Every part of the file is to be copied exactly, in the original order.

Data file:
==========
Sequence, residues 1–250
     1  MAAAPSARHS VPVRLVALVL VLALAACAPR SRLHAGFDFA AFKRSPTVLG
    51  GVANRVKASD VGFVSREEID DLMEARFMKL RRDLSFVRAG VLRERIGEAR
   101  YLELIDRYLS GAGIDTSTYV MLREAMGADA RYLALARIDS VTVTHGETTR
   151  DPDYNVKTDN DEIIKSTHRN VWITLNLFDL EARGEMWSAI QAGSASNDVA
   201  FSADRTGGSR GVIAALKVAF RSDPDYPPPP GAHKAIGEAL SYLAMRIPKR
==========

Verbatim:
Sequence, residues 1–250
     1  MAAAPSARHS VPVRLVALVL VLALAACAPR SRLHAGFDFA AFKRSPTVLG
    51  GVANRVKASD VGFVSREEID DLMEARFMKL RRDLSFVRAG VLRERIGEAR
   101  YLELIDRYLS GAGIDTSTYV MLREAMGADA RYLALARIDS VTVTHGETTR
   151  DPDYNVKTDN DEIIKSTHRN VWITLNLFDL EARGEMWSAI QAGSASNDVA
   201  FSADRTGGSR GVIAALKVAF RSDPDYPPPP GAHKAIGEAL SYLAMRIPKR